Colleen (Ranney) Ostrowski '95 has vision. She's known she wanted to be in the business world practically since birth. Okay, okay, since high school, right after she applied to attend the Governor's School for Business, where the 16-year-old spent part of a summer at Penn's Wharton School. But even before that, if she saw a goal to attain, she would map a path to fulfillment worthy of Ferdinand Magellan.
That doesn't mean, however, that she refused to take a few abrupt turns or reversals when she realized she needed to make a change. Vision, by definition, means taking in everything and interpreting the information. It does not mean steaming toward a goal with no deviation—that's tunnel vision.
Take Colleen's college search, which she put together in her tiny hometown of Mifflinburg, Pa. Her Wharton experience left her so jazzed about opportunities in the corporate world that she started searching for big-name, big-city schools that combined language programs and business programs, all of which would result in a big-time job. She applied to Penn, Georgetown, George Washington University, and American University. Acceptance letter: GWU. Score!
"I got there, and the language programs were scheduled at the same times, the campus wasn't really a campus and the course work wasn't very challenging. It was a hard school to get into but after that the work wasn't hard," she says. A transfer was in order. "I did an extensive search—I had 30 schools on my list and Juniata was not at the top."
But she visited the College, met a couple of people she knew from high school, took a campus tour conducted by her brother's best friend, and realized there were scholarship opportunities that big-rep schools couldn't match. She enrolled. "I was excited, plus I thought it would be pretty easy."
Hah! "(Ron) Cherry '53 told our class he was going to read from a few of the worst papers—and he started reading mine," she recalls one of her first business classes with regret. "I got a 47 on the paper. I realized then you couldn't just take notes and pass the test."
Colleen's rude awakening also made her realize that Juniata's liberal arts core would give her a window to explore her vast curiosity for topics beyond business. That innate exploratory feeling has served her well in a career that could best be described as meteoric, where at age 43, she is treasurer and head of global investor relations for Mylan Inc., with revenues of $12 billion, the largest manufacturer of generic pharmaceuticals in the world.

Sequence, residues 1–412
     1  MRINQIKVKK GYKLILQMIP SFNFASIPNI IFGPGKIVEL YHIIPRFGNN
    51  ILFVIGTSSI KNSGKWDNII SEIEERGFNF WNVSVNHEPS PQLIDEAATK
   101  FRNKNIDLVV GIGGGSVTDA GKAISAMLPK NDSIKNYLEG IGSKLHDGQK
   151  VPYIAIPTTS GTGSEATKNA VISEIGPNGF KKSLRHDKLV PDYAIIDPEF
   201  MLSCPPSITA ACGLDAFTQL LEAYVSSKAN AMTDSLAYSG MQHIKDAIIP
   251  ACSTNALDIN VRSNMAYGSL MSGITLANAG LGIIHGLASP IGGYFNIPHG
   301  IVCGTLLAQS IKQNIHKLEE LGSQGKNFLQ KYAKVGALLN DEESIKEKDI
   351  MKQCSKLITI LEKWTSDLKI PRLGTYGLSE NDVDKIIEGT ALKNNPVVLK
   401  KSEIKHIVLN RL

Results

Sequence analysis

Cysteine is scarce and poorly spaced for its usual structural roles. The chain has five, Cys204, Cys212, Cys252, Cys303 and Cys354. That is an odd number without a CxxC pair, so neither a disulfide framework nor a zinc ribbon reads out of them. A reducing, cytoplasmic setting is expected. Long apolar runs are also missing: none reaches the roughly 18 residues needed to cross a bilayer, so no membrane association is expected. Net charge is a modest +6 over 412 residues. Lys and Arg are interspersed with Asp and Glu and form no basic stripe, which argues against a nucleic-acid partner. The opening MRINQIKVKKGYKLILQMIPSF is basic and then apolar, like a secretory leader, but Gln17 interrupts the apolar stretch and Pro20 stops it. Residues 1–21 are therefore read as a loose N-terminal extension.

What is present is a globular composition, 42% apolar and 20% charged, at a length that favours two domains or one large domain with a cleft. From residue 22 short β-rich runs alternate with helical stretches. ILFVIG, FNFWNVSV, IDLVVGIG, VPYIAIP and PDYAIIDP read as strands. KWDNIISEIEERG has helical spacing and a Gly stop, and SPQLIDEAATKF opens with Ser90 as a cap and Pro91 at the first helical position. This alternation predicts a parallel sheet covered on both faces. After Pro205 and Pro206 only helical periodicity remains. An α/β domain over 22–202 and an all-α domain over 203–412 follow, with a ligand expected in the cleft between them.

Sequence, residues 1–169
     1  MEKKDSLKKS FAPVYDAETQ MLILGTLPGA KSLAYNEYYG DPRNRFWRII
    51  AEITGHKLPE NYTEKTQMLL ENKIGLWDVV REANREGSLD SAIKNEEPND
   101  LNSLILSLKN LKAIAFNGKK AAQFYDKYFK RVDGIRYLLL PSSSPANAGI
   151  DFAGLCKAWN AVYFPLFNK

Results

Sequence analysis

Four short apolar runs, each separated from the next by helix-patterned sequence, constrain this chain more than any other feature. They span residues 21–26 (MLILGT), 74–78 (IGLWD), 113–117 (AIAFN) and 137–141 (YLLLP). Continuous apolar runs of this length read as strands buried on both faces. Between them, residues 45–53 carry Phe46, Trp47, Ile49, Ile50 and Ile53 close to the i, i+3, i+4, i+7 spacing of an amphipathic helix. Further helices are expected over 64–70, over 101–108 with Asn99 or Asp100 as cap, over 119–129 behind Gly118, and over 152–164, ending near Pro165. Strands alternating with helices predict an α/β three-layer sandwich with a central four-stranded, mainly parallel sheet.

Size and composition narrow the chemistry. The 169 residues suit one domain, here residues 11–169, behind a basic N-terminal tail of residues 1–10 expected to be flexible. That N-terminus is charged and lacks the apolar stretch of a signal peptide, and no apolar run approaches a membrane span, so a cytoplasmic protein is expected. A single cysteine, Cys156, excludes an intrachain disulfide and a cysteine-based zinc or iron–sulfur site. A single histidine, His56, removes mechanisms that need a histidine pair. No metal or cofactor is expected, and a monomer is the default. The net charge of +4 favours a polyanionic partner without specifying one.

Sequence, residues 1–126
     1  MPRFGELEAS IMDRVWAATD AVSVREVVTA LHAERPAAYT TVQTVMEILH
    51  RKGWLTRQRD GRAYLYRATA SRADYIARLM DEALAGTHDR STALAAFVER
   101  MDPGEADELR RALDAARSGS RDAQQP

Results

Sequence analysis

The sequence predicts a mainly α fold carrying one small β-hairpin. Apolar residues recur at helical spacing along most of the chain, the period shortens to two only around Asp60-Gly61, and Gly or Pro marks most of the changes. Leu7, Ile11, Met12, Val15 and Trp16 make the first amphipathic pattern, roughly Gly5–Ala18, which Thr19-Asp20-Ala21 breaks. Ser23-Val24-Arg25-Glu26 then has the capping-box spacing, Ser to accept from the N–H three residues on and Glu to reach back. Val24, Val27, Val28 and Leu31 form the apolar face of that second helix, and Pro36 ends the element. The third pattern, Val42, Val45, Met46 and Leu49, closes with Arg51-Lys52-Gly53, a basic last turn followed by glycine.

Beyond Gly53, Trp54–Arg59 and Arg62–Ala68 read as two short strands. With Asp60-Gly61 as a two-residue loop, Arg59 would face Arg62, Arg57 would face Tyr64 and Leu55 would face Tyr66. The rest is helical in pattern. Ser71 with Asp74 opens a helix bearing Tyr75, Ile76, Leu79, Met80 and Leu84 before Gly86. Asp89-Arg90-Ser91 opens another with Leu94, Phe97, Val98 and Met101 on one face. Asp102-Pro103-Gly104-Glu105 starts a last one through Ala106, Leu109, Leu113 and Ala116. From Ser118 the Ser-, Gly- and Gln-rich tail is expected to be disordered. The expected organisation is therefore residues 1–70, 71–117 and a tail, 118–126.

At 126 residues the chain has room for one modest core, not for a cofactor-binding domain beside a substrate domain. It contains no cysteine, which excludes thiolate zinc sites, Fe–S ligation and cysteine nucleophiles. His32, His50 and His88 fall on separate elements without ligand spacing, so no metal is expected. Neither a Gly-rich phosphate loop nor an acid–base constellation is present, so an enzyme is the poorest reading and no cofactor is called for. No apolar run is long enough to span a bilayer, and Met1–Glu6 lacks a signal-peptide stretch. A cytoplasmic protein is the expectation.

Colleen credits most, if not all of her abilities in teambuilding and leadership, to Juniata's idiosyncratic but enveloping curriculum. Let's let her explain it more succinctly. "I (earned) my MBA at Penn State, and it's a credential you have to have, but I don't think I've used much of what I learned there," she says. "I use everything I learned at Juniata every day. I talk to scientists in our R&D department, to financial professionals, to marketing people, and they all communicate and think differently. That was one of the first things I learned on the HOBO Hike." (For those who may not know the reference, the business course, "Behavioral Analysis of Organizations" has as one of its perennial experiences a day-long hike in which teams compete and utilize skills and knowledge attained in the course. The nickname "HOBO Hike" contains an acronym that refers to the same course under its previous name, "Human Behavior in Organizations.")
Among the other things she learned: two languages (Spanish and Japanese), public speaking, and how to throw a pot. She also learned a card trick from Chris Ostrowski '94, a psychology POE with an interest in ceramics. He used the card trick at a party in South Residence Hall as an opening gambit to learn Colleen's name. The couple has been married 21 years and have two children: Anelise, 11, and Ronan, 2.
In addition to admiring a well-done bit of magic, Colleen developed an acute sense of how the business world worked by going beyond hitting the books. She also found value in her work-study job in Juniata's enrollment office, so much so that she was offered a job as an enrollment counselor covering south-central Pennsylvania, Texas, Colorado, Maryland, and Virginia. She loved it. She loved Juniata. She loved her job. (She still can recite her enrollment-speak description of Juniata verbatim when colleagues ask where she went to college.) She and Chris got married. They bought a house. Life was set. Then, a Juniata vice president for development, Don Moyer, suggested that she come work for him in development, further suggesting that earning an MBA might be a good career move.